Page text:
Teaching primary mathematics with challenging tasks: how should lessons be structured?

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    Engaging students in a challenging (cognitively demanding) task and launching a mathematics lesson with a task before instruction are two characteristics of a reform-oriented approach to mathematics instruction often considered together. The authors systematically contrasted teaching with challenging tasks using a task-first lesson structure with that of a discussion-first lesson structure to three composite classes of first- and second-grade students (n = 73). Subsequent assessments of mathematical performance revealed that the discussion-first lesson structure was somewhat more efficacious in improving fluency performance but both structures similarly improved problem-solving performance. The findings suggest there is more than one way of incorporating challenging tasks into mathematics lessons to produce sizeable learning gains.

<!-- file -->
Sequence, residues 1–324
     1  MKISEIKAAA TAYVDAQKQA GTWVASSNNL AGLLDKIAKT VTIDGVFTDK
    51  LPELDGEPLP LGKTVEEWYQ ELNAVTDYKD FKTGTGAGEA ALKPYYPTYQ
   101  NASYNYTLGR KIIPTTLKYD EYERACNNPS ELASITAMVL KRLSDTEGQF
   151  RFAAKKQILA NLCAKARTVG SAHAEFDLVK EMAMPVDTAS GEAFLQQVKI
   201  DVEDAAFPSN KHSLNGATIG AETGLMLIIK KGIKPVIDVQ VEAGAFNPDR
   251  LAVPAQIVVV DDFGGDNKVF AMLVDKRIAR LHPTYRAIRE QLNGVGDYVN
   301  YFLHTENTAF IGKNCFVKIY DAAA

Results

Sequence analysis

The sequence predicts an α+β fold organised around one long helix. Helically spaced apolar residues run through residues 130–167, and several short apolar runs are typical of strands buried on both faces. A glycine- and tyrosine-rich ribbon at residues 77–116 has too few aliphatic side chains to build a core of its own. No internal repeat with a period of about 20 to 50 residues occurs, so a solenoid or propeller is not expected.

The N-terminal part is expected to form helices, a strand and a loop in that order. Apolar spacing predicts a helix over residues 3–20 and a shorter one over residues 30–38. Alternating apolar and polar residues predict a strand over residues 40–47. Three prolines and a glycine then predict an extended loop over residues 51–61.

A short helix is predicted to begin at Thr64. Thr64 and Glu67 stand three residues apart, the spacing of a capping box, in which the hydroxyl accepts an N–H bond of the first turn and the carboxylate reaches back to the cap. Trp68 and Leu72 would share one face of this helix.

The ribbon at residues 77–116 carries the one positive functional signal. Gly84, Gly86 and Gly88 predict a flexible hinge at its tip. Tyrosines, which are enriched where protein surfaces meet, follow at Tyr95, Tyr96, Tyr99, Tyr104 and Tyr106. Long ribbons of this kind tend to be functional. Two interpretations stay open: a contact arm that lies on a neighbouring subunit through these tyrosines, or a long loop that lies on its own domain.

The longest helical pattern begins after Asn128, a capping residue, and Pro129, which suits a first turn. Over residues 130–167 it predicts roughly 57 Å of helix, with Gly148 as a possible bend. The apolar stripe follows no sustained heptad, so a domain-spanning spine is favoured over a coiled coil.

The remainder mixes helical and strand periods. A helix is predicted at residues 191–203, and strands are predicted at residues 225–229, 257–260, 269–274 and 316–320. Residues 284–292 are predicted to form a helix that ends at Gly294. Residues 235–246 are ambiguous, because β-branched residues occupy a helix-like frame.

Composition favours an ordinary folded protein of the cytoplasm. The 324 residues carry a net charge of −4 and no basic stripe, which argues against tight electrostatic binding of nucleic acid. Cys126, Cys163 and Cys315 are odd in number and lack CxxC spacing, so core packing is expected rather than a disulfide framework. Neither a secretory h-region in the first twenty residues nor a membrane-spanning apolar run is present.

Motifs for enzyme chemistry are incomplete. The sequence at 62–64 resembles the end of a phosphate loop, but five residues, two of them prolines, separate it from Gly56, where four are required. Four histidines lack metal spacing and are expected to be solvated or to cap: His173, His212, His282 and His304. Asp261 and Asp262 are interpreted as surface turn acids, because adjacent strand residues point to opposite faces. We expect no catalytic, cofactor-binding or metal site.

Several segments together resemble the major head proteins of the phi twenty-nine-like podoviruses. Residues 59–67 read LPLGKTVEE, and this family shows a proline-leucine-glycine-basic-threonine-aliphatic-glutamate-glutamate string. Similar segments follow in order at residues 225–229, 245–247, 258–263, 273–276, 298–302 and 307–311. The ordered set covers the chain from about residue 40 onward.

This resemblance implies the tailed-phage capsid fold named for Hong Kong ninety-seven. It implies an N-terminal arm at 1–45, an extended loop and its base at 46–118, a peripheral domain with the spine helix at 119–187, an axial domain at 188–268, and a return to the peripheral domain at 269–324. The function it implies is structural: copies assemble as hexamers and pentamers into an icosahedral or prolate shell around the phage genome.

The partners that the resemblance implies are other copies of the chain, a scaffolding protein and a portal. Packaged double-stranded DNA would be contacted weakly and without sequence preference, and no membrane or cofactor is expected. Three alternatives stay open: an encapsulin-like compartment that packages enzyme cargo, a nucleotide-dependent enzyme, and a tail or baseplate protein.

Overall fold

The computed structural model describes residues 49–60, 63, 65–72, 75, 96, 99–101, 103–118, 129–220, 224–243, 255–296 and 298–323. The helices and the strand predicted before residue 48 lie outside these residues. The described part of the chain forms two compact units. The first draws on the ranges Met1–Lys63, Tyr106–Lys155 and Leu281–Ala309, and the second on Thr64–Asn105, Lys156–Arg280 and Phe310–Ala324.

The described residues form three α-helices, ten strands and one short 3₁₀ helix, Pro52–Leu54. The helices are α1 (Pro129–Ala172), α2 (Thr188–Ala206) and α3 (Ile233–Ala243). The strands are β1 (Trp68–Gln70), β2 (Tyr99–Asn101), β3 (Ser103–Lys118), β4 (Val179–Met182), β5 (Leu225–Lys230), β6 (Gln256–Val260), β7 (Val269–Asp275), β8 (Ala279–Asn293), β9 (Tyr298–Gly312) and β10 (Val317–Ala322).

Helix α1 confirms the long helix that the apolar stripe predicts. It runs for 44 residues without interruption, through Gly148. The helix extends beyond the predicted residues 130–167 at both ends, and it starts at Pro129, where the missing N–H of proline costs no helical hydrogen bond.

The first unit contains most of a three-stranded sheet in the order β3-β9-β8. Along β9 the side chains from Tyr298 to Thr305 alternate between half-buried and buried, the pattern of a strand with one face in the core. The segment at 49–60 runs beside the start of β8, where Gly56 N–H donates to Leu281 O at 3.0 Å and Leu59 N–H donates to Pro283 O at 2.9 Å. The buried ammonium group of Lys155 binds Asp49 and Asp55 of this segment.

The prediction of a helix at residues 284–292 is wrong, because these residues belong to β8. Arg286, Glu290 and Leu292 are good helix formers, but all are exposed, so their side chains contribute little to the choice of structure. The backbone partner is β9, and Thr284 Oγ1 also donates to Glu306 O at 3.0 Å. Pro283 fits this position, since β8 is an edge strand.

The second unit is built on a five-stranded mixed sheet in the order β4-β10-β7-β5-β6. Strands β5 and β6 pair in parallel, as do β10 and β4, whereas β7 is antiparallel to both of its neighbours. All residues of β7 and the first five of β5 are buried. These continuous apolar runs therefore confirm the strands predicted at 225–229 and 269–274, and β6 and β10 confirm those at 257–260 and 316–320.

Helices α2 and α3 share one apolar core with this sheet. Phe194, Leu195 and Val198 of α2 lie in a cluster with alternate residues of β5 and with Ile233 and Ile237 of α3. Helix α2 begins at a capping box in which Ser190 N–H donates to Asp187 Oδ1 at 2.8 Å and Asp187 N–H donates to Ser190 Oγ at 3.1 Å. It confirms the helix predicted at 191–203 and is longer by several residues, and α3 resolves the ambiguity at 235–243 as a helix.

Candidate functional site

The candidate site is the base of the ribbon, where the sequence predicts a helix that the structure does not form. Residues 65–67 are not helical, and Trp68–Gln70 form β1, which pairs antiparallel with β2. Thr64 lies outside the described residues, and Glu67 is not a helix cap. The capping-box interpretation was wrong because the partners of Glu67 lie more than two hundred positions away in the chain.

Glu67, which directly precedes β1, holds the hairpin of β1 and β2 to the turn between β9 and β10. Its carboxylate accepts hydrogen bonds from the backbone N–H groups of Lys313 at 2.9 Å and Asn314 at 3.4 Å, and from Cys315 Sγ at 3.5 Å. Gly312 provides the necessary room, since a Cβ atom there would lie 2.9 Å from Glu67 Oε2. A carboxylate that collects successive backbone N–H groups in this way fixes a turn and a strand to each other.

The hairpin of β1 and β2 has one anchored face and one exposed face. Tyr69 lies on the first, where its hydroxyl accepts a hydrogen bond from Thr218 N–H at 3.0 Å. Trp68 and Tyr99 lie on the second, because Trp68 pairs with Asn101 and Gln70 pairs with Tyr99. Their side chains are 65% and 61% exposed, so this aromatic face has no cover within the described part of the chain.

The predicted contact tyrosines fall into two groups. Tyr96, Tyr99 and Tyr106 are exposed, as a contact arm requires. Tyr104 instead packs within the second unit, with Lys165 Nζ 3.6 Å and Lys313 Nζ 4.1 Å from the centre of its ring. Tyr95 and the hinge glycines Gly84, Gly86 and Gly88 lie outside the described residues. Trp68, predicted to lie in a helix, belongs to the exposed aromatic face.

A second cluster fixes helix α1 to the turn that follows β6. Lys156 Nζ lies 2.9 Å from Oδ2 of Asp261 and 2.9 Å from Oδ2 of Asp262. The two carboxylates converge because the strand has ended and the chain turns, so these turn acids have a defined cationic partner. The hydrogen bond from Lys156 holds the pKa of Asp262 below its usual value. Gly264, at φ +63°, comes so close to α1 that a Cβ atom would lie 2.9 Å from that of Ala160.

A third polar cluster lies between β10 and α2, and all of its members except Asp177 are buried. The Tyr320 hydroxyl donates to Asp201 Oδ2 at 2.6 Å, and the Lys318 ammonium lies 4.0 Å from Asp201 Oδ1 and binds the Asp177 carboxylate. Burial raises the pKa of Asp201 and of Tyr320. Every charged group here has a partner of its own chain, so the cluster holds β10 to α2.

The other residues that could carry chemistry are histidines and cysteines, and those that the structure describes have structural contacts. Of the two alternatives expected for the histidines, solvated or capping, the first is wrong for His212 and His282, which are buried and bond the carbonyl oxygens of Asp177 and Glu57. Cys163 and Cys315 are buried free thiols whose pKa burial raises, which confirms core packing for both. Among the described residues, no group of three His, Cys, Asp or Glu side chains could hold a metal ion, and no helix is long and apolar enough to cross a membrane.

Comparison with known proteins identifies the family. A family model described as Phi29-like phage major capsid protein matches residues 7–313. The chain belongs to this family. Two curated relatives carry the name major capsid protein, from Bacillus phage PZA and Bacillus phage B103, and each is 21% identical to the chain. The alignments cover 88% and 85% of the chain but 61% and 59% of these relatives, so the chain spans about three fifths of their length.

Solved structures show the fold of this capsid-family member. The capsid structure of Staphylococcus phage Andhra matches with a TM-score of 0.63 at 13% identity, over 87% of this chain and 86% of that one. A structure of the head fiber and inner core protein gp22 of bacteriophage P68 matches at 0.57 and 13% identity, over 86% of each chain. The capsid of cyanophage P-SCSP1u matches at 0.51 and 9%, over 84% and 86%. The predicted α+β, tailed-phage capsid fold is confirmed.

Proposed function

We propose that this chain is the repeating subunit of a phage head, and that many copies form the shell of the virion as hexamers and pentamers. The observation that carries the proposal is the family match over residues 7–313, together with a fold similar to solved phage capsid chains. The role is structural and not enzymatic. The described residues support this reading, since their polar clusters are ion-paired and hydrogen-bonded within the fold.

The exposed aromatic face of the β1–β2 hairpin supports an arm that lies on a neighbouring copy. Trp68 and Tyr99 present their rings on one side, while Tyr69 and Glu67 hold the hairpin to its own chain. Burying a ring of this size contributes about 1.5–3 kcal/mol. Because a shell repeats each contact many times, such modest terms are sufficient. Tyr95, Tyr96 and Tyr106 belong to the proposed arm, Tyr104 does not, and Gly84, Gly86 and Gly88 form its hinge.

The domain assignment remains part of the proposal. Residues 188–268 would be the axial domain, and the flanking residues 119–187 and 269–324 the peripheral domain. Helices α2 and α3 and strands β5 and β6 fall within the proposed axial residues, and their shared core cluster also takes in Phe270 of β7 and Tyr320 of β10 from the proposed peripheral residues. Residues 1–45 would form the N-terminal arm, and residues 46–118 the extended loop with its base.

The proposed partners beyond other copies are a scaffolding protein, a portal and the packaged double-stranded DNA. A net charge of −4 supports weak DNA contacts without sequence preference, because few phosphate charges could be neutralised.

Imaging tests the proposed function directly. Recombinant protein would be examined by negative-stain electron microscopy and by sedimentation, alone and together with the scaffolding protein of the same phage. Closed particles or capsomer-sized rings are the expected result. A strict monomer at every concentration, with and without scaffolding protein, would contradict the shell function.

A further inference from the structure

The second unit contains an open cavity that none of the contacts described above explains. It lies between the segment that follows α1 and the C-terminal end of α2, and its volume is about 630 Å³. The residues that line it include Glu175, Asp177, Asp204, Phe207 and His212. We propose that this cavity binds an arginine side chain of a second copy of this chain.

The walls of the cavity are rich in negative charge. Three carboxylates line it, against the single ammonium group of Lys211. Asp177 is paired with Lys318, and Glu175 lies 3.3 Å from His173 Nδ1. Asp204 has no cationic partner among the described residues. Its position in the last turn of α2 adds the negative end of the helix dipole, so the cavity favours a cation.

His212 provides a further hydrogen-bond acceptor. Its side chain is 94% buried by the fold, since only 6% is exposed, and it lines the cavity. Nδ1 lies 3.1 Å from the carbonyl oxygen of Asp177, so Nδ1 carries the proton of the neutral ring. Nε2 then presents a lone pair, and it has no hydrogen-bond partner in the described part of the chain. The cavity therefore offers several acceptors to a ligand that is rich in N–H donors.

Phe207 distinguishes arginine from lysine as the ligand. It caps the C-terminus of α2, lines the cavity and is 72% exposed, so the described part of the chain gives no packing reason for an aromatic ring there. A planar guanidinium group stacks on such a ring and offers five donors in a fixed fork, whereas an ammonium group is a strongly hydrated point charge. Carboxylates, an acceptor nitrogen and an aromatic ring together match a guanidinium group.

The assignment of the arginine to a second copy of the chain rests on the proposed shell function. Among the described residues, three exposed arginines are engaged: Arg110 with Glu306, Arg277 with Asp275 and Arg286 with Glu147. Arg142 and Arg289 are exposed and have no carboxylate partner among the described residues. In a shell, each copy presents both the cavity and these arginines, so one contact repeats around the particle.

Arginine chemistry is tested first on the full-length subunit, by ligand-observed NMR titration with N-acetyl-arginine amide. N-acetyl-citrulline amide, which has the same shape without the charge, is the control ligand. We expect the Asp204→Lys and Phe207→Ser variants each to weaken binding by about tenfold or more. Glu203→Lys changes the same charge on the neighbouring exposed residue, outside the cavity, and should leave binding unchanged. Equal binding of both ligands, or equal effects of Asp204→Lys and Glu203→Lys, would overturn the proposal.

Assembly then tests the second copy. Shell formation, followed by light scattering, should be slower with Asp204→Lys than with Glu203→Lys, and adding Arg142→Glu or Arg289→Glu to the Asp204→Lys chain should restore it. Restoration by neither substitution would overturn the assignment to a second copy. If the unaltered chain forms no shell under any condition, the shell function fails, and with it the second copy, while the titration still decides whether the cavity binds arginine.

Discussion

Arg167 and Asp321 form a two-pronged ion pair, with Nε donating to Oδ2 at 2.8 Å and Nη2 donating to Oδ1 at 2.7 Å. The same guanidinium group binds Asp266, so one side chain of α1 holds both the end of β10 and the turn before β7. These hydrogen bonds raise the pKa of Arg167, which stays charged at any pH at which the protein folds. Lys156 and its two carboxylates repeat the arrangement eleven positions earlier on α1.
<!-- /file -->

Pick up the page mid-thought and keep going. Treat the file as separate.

Original languageEnglish
    Pages (from-to)98-109
    Number of pages12
    JournalJournal of Educational Research
    Issue number1
    Publication statusPublished - 2019


    • Challenging tasks
    • cognitive-load theory
    • discovery-based learning
    • explicit instruction
    • lesson structure
    • mathematics instruction
    • problem-based learning

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